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EXHIBITIONS

Matthieu Palud “Peintures récentes” at Gaudel de Stampa, Paris

 

I know Matthieu Palud’s paintings. Every morning, two of them look at me while I collect my thoughtsin the living room.

In the first: the simplified outline of a woman who is a bit melancholy, or just meditative, which makes me think of Jean-Michel Sanejouand’s Calligraphies d’humeur. The figure is superimposed over two realistically-rendered tears coming from closed eyes that float like louds on a vague, orangey background—the representation of a 50€ bill, perhaps.

In the second, a subject uses the bright screen of a laptop like a knife to cut three slices of sausage that resemble grimacing masks, falling into a toilet bowl.

These two canvases fit the state of waking up, as if painting could capture this moment of indecision, this passage between ever

I know Matthieu Palud’s paintings. Every morning, two of them look at me while I collect my thoughts in the living room.

In the first: the simplified outline of a woman who is a bit melancholy, or just meditative, which makes me think of Jean-Michel Sanejouand’s Calligraphies d’humeur. The figure is superimposed over two realistically-rendered tears coming from closed eyes that float like clouds on a vague, orangey background—the representation of a 50€ bill, perhaps.

In the second, a subject uses the bright screen of a laptop like a knife to cut three grimacing slices of sausage, falling into a toilet bowl.

These two canvases fit the state of waking up, as if painting could capture this moment of indecision, this passage between everyday life and dreaming.

They are part of a series that I have somewhat clumsily dubbed the “psyche” period.
At that time, things took place late, in parties. That is where I met Matthieu: in an apartment, among

a group of artists who had met up in the Paris night.

One day, I visited Matthieu, who had just moved into his studio at the Cité des arts, next to the Seine. At this moment, a mutual friend had just left—the end of an era. Something was floating in the air, like an announcement, a notification, as if time was now spent in other less festive ways, in solitude. That day, he had prepared a stew for me. While it was simmering, he showed me, almost embarrassed, a thick stack of Canson sheets, used, but carefully arranged on his desk. It was from the same group of sketches, the repetition of a hand on dozens—hundreds?—of sheets of paper.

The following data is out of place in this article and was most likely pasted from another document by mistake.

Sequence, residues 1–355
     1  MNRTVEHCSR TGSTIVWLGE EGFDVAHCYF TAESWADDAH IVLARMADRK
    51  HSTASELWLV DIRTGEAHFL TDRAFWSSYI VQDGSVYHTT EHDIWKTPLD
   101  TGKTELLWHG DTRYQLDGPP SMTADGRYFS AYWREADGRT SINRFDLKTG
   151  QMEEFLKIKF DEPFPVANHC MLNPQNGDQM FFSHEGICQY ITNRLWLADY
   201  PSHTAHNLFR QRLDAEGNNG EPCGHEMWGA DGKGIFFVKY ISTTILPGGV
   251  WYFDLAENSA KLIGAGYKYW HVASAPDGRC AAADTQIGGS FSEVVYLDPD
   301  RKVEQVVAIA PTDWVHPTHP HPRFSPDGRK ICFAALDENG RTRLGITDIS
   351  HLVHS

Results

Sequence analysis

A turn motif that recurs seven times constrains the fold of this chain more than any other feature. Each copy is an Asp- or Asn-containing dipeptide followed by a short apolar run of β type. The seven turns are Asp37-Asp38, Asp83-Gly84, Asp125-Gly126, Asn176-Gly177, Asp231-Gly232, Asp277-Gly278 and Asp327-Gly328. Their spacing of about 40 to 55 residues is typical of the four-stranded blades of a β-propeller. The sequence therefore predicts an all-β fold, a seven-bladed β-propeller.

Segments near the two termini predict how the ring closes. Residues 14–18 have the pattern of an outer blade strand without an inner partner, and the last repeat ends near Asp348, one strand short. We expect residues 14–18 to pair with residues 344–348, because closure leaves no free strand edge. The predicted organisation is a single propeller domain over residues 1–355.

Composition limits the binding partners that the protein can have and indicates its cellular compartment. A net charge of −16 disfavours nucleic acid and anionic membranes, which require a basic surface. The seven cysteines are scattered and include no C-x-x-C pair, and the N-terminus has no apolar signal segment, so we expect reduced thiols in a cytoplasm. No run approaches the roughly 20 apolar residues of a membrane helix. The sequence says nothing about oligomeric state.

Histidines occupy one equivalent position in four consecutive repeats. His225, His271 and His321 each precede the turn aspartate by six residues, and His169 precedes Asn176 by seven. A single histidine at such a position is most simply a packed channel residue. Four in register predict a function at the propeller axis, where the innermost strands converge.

End of “ la période vache ”.
I understood that the execution of paintings was slowing down. The work became more repetitive, laborious.
I knew at that moment that I would not see Matthieu as often anymore.

Some time later, he returned to Perpignan, the city where he was born. He explained to me over the telephone that he often had to start paintings over again. I had the chance to show two astonishing pink paintings, from slightly earlier, in Norway, portraits of Jeanne… I likewise heard of very dark paintings, almost obscure. I think that Matthieu destroyed a lot during this time, that he was constantly starting over. I don’t know if these works still exist. I would have liked to see them, I have often imagined them.

In wintertime, Matthieu lived in a seaside city on the Mediterranean with Jeanne. I imagine

them often, painting at their home, in a town deserted by summer.
Then I saw his paintings reappear, a few months ago, at Tonus in Paris. Many things had changed.

The return to order of painting in the inter-war period has long been criticized: the abandonment of expressionism and deconstruction in favor of drawing, mimesis, restraint – without understanding that classicism, sometimes, is a suspension that precedes catastrophe, a calm containing all the storms.

During the vernissage at Tonus, Matthieu told me: “You know, in fact, I think that there isn’t any difference between what I’m painting today and the old period.”

I think he is right.

A blue briefcase on a varnished table, near an electric radiator.

The paintings are inhabited by insignificant signifiers, superimposed on each other. Certainly, the groupings are more realistic than the “psyche” period, but they are just as mysterious. What is more incongruous than banality, what is more opaque than a moment, than a reflection?

Then, when you come a bit closer, all that is left is painting.

Gallien Déjean

At Gaudel de Stampa, Paris
until 26 October 2019

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